A recent study used 3D printing technology to design flexible meshes for various medical applications, including ankle and knee braces.
3D printing technology has allowed researchers to make several impressive medical devices, including hearing aids, dental crowns, and limb prosthetics. All these devices are made with solid, relatively inflexible material so that they can provide optimal support. The hard and rigid material, however, is not ideal for certain areas of the body with soft tissue, like muscles and tendons. In a recent paper, published in Advanced Functional Materials, Pattinson and colleagues designed and tested pliable, 3D printed flexible meshes to support the ankles and knees.
To create the mesh, the researchers used a material called thermoplastic polyurethane printed in a wavy pattern, much like the structure of collagen found naturally in ligaments, tendons, and muscles. For the ankles, they designed a long strip of mesh and stuck it along the outside of the ankle. A special robot was used to measure the force exerted by the ankle, with or without the mesh, as it was moved in 12 different directions. They found that the mesh only increased ankle stiffness during inversion movement, the most common cause of ankle sprains. A stiffer ankle during inversion could help reduce the risk of sprains. They also designed a knee brace with a mesh that had centers with auxetic structures, which are patterns that become wider when pulled them apart. The knee brace was found to conform to the knee joint and would allow for natural movement while also providing support.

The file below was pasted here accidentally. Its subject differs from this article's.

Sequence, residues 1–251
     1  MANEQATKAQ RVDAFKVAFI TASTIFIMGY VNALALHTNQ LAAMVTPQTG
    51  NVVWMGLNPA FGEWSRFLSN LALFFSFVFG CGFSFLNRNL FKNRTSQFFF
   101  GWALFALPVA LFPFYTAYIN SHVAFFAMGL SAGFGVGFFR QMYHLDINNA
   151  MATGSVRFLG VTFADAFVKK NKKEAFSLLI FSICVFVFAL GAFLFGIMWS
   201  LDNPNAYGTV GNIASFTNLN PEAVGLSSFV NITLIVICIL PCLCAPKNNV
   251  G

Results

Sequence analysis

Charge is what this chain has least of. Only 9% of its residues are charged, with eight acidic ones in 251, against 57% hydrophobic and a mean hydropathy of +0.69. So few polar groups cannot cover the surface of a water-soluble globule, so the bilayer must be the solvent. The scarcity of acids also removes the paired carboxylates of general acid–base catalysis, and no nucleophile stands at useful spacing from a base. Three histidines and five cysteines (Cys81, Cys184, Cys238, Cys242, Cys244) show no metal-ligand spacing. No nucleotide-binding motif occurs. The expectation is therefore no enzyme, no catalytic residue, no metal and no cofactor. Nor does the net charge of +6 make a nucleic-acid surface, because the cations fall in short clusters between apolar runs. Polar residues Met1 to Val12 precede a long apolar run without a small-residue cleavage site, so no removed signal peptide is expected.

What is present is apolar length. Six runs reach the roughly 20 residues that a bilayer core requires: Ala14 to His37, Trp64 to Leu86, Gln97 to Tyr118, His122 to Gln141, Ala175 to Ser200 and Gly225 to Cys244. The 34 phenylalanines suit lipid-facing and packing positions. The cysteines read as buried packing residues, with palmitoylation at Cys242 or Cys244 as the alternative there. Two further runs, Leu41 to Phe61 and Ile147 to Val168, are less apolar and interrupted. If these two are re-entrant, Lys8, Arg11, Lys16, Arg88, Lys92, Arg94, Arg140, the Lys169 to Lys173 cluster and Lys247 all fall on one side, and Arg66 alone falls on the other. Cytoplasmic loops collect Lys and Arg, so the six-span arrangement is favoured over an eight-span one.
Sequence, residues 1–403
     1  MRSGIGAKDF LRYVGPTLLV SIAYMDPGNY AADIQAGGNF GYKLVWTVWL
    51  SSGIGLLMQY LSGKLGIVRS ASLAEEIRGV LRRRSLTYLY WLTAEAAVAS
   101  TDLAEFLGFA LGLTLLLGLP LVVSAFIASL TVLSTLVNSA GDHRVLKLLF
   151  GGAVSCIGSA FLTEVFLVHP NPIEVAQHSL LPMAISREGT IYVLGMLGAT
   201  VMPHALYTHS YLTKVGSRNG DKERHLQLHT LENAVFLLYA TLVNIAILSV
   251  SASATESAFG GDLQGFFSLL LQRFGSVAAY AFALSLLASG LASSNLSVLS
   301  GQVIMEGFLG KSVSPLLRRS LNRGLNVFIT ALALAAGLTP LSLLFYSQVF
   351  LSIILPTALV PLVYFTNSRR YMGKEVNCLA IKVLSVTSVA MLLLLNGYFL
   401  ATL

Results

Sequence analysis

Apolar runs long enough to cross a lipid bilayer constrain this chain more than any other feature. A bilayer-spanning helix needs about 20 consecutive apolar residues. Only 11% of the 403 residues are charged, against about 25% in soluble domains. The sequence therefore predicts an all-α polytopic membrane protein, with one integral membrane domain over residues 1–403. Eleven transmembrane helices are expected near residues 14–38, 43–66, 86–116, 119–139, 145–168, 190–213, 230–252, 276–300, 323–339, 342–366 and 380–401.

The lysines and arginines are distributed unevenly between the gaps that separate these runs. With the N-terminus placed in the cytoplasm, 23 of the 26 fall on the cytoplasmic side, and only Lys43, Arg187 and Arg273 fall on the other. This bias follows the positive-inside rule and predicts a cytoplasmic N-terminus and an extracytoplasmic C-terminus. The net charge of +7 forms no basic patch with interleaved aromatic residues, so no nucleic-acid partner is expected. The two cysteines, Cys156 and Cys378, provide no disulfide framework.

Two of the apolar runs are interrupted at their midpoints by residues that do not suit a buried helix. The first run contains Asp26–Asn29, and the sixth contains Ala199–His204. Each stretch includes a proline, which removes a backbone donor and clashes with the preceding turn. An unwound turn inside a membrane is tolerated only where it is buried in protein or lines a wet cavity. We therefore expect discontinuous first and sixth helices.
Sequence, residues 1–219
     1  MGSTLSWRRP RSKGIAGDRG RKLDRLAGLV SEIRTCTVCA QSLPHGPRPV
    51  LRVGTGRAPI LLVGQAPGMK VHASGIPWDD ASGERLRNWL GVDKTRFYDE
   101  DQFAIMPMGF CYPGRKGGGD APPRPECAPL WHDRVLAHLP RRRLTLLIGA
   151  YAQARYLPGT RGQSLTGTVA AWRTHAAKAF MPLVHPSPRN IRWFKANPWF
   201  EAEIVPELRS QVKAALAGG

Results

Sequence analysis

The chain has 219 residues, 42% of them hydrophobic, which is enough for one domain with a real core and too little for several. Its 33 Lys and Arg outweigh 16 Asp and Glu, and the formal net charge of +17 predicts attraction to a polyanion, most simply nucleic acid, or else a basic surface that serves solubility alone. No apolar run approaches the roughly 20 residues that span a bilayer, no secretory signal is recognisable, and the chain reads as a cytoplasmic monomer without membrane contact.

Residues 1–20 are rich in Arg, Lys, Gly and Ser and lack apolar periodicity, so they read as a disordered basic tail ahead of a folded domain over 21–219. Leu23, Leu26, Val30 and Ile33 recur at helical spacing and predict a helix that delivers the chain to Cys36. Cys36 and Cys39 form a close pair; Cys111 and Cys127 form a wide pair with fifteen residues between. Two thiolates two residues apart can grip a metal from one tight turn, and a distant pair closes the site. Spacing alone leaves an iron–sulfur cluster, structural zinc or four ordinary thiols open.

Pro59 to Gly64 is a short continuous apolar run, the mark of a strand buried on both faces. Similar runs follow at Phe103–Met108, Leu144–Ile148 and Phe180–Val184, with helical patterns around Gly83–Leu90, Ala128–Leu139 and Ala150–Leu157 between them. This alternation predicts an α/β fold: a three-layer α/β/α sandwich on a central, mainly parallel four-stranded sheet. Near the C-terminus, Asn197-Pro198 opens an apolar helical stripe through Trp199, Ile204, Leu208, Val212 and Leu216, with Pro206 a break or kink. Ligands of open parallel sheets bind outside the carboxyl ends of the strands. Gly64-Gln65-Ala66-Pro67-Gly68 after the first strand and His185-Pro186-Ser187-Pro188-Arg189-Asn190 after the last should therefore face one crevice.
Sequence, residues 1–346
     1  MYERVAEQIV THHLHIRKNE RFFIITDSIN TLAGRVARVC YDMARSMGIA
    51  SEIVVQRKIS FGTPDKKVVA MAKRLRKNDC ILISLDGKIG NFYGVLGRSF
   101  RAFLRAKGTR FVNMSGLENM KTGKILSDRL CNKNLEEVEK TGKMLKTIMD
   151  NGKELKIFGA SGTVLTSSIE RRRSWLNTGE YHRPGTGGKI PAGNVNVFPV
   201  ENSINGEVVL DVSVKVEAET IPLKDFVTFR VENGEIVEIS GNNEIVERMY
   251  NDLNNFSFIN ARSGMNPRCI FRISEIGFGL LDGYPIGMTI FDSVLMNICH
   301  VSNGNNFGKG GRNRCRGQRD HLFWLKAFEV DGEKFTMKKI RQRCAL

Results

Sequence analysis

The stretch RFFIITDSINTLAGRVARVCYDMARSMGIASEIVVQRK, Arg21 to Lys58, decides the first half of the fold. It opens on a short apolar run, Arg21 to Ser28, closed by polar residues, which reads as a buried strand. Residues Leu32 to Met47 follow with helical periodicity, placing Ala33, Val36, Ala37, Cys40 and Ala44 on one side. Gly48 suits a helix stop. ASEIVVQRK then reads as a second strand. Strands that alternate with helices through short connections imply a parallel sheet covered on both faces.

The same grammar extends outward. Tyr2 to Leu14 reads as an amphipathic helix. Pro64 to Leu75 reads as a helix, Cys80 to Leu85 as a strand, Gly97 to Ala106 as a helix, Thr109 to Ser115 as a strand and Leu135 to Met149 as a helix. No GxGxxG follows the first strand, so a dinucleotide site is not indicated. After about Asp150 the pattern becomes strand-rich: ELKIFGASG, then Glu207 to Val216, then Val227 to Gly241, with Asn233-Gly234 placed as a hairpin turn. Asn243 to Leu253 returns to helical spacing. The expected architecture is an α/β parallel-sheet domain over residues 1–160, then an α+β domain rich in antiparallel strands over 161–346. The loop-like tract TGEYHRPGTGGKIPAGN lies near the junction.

Pattinson and his colleagues have demonstrated the potential for 3D printing to be used in designing flexible mesh that can support soft tissues, like ankle and knee joints. They also believe that their designs can be slightly modified for different parts of the body. For instance, implantable hernia meshes can be designed with a combination of flexible and stiff material. This would provide the mesh an ability to stretch up to a certain point, after which it would begin to stiffen and prevent overstraining of muscles. The researchers also believe that this technology could be applied in the design of flexible meshes for all sorts of other medical devices, including surgical meshes, orthotics, and even cardiovascular devices.
Written by Haisam Shah, BSc
Reference: Pattinson, S. W., Huber, M. E., Kim, S., Lee, J., Grunsfeld, S., Roberts, R., … & Hart, A. J. (2019). Additive Manufacturing of Biomechanically Tailored Meshes for Compliant Wearable and Implantable Devices. Advanced Functional Materials, 1901815.